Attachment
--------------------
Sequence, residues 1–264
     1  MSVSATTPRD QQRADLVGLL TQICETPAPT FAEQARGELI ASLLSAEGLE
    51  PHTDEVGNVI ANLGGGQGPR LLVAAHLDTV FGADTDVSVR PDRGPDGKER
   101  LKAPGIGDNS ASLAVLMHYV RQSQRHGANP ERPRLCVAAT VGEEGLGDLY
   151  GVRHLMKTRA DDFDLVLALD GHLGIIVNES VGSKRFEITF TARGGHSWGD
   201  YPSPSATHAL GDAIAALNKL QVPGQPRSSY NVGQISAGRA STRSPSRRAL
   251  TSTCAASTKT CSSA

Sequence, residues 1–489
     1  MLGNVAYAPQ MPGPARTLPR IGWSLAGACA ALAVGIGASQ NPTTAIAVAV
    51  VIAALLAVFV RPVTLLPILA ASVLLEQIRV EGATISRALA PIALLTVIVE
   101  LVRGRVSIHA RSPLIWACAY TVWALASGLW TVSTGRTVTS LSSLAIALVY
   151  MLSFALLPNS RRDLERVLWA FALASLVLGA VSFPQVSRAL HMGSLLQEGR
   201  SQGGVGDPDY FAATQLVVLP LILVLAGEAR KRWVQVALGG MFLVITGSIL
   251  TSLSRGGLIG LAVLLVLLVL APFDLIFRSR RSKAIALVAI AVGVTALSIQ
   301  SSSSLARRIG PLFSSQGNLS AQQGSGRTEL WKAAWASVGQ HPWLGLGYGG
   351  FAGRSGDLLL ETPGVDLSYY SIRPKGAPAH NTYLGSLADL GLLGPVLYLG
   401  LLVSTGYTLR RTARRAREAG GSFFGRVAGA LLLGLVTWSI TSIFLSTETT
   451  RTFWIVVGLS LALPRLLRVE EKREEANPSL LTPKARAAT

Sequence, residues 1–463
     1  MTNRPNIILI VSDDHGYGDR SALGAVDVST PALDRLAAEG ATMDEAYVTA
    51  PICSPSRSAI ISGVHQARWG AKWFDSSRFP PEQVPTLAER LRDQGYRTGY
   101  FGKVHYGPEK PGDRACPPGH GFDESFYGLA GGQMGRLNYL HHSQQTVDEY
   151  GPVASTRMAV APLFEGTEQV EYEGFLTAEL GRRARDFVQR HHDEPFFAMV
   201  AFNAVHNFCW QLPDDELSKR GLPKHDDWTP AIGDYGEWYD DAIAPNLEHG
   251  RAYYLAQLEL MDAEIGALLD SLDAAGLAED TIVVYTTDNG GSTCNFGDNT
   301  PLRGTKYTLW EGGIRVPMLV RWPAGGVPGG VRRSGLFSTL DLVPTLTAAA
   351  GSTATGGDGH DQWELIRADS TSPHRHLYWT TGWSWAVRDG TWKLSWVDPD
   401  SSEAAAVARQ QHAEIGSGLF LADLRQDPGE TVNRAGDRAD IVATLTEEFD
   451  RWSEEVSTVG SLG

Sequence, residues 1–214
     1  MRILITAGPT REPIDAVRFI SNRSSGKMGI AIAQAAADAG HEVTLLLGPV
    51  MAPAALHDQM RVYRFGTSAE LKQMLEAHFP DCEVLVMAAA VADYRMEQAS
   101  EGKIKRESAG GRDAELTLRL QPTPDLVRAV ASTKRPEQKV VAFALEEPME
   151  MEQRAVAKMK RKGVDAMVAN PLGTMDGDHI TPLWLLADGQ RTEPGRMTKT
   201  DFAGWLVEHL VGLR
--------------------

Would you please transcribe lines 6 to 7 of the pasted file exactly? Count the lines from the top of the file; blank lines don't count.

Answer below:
   201  YPSPSATHAL GDAIAALNKL QVPGQPRSSY NVGQISAGRA STRSPSRRAL
   251  TSTCAASTKT CSSA